Peter Racz recently became part of the Joint Secretariat and was welcomed by his new colleagues at an online meeting. Here is his story of what it is like to take up a new position during the corona crisis.
Changing jobs is definitely one of the exciting moments during our professional careers. It is about learning new methods, aligning with new rules, getting to know new colleagues, trying to fulfil new requirements; in general, leaving our comfort zone and finding our new place. It sounds challenging and really exciting for most of us. At least, it used to be in the world as we knew it.
Changing jobs under lockdown measures: Well, an additional layer of excitement, for sure. No one tells you how it works, because no one really knows how it works…
Imagine that you are closing down processes/files/projects remotely, away from your desk at your previous workplace. At the same time, you are taking up procedures, getting in contact with new colleagues, learning general approaches, all the while sitting at home, without meeting your new team in person. With the extra spice of using different online meeting tools…
“Can you hear me? I cannot hear you. You don’t hear me. You are muted! Oh, so you don’t hear me, when I am saying “you are muted”…Can I share my screen? Where is the ‘screen share’ button? Can you see that? No? Ah, you don’t hear me and I don’t hear you, so you don’t know that I want to share…” I’m sure you recognise the situation.
Learning about new projects and jumping into ongoing implementation matters are among the first things I had to do as a new Project Advisor of 11 North Sea Region projects. Fortunately, I managed to talk online with all project managers. I think we would do the same under normal circumstances (so no blame on the current situation here…)
But, in the confines of my home office, with a little imagination, I made a tour in my head…
… I could start my new position at the Joint Secretariat by cycling to Aalborg, test a new IT solution at the bike parking to find a place for my bike (BITS), take a driverless bus to the train station (ART-Forum), get on a train heading towards the North Sea coast, and, once there, put up a nice fire using biochar from sustainable peatland farming (CANAPE).
After a little rest, watching the ships sailing away and the offshore wind parks whirling, I would go for a swim in the sea, checking what I could hear underwater and considering what this means for marine wildlife (JOMOPANS).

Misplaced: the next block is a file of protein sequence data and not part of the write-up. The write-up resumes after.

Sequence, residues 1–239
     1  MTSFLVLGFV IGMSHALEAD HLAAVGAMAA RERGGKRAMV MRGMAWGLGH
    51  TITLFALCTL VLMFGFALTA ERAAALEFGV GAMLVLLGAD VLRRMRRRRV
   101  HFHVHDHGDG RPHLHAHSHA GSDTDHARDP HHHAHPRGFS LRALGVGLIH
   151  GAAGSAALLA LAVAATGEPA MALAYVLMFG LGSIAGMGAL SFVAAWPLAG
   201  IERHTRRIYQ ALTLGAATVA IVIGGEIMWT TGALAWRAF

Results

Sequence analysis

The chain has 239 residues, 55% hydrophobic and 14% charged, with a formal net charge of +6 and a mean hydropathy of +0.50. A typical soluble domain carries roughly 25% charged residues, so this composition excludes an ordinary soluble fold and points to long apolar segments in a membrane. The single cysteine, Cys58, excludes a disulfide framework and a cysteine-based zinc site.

While drying myself I would be immersed in thoughts on how those shipping lines, wind parks and underwater cables are composed and how the different purposes will be planned to be better aligned in the future (NorthSEE).
Next, I would use a car-sharing scheme (SHARE-North) to get a bit further south to check out some interesting ‘building with nature solutions’ for coastal sand nourishment (BwN) and visit some well-maintained dam locks alongside the rivers I cross (FAIR). During a short walk on the top of one levee, I would look into the distance, where the river estuary connects to the sea (IMMERSE).
On my way back, I would use some kind of green transport mode (G-Patra) to get back to my beloved village. I would not miss the opportunity to stop by some puddles and think about how this water surplus could be balanced out throughout the year (TOPSOIL).
Exciting! Isn’t it? In fact, once we get back to normal, I will consider how to realise such a ‘thematic’ route.
In the current situation of working from home, imagination is helping me to stay sane, and with the help of well-communicated and published actions of those projects, I am even closer to the feeling that things are still happening out there! Dear projects, thank you for that certainty!
And a big THANK YOU to both my new and my previous colleagues. Actually, WE changed my job. I could not have done it alone.
ABOUT THE AUTHOR
Peter Racz joined the Joint Secretariat on 15 April 2020, amid the corona lockdown. He comes from the territory of the former Pannonian Sea, now called Hungary.
His professional background and interest lie in environmental protection. He has work experience from the EU Interact Programme.
Last, but not least, he is a proud father of two kids, envying their fluency in Danish!
Top image: Anastasia Chepinska / Unsplash